The Interpretive Theory of Translation and Its Current Applications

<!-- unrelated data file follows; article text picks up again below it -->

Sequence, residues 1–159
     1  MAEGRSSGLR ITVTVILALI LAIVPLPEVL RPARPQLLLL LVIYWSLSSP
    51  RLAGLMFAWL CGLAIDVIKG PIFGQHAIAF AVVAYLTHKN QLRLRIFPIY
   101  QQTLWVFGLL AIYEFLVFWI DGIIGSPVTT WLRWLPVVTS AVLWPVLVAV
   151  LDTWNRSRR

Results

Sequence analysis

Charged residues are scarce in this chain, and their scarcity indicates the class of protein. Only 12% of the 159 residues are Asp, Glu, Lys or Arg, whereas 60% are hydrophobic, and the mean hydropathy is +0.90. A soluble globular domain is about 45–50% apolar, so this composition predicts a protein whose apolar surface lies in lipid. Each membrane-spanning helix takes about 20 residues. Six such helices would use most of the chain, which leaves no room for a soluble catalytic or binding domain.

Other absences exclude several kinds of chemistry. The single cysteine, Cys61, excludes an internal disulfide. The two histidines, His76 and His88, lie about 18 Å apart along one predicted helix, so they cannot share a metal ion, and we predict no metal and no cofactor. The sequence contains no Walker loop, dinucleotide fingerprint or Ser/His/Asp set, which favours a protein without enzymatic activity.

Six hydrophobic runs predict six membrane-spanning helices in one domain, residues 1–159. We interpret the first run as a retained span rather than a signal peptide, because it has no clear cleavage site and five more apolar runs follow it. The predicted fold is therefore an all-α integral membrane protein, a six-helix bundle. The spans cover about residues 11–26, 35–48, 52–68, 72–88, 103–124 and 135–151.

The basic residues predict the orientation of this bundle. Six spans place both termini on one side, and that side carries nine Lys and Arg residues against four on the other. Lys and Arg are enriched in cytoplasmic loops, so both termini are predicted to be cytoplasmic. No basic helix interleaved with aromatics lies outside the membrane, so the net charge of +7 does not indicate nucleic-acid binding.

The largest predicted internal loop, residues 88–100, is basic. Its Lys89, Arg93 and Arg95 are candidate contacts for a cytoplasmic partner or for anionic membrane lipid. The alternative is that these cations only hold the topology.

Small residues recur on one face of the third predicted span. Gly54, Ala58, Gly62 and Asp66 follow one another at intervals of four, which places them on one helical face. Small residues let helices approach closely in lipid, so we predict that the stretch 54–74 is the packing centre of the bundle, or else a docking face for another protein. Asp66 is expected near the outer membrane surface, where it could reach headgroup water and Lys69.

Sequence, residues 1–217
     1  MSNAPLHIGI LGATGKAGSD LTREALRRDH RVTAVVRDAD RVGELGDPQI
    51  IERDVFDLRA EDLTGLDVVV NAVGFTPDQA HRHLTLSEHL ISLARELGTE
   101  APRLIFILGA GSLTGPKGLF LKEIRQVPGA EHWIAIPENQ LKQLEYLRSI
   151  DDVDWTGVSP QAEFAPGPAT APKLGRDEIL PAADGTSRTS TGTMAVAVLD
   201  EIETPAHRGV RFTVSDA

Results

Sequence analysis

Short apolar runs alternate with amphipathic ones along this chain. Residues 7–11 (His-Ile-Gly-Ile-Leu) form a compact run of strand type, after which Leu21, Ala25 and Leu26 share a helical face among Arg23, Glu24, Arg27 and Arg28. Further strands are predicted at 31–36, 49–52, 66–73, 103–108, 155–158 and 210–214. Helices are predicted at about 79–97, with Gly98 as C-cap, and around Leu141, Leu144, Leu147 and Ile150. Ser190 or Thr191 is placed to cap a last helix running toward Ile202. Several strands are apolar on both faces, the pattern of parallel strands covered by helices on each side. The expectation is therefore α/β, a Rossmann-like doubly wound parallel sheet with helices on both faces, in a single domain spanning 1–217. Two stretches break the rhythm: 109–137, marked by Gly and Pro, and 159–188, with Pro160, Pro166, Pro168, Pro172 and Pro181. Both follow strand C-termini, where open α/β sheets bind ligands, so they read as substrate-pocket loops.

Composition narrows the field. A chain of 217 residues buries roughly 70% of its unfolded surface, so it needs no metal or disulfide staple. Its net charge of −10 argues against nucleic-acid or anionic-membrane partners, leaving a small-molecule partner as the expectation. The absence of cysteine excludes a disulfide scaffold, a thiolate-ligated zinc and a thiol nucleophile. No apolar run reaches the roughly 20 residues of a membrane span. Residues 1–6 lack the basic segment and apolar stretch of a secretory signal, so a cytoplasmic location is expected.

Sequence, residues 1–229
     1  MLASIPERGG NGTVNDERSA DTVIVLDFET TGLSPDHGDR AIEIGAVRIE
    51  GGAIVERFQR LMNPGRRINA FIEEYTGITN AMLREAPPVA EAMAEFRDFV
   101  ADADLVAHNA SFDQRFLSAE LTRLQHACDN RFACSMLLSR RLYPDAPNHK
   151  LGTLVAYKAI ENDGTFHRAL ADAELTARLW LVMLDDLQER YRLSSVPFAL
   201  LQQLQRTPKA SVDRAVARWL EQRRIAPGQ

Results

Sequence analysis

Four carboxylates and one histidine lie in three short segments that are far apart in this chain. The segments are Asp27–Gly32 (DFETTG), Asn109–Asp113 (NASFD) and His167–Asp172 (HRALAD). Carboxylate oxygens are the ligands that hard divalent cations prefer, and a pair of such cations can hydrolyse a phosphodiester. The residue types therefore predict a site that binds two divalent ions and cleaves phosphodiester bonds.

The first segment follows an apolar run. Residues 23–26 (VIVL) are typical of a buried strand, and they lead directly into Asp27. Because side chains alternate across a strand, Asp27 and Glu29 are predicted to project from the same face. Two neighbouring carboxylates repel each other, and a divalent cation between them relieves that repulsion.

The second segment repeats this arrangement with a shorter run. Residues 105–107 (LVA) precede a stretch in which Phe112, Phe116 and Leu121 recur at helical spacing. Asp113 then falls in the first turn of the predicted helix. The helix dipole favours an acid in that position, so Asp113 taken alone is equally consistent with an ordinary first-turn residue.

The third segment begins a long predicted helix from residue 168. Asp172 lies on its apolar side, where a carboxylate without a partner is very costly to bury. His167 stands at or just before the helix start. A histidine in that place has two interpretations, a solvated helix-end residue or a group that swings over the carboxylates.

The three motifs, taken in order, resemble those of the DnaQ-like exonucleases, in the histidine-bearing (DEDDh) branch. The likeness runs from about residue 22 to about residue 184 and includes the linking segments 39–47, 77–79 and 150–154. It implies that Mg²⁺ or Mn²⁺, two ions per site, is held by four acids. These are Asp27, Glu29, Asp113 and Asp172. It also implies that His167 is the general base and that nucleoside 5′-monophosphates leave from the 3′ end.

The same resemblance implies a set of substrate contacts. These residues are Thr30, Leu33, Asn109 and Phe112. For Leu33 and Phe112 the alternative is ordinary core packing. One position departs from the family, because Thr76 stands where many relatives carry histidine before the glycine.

Interpreting and translation are two of the oldest activities in the annals of human history. Records of translation activities date back over 2000 years, and since ancient times, translation has been studied by numerous scholars. Interpreting, on the other hand, had no theory of its own, so to speak, until modern times. Although the activity of interpreting dates back to ancient times, it did not begin to take shape in its modern form until 1917 at the negotiation table of the Versailles Treaty. Consecutive interpreting, in which the interpreter begins only after the speaker has finished, came about after the Versailles Treaty. In contrast, simultaneous interpreting, which has become the preferred mode, had its debut at the Nuremberg Trials after World War II. The Interpretive Theory of Translation (aka, the Theory of Sense) was developed by Danica Seleskovitch and Marianne Lederer (researchers at the Ecole Superieure d'Interprètes et de Traducteurs (ESIT) at the University of Paris III ― the so-called Paris School). The following is a brief outline of this theory.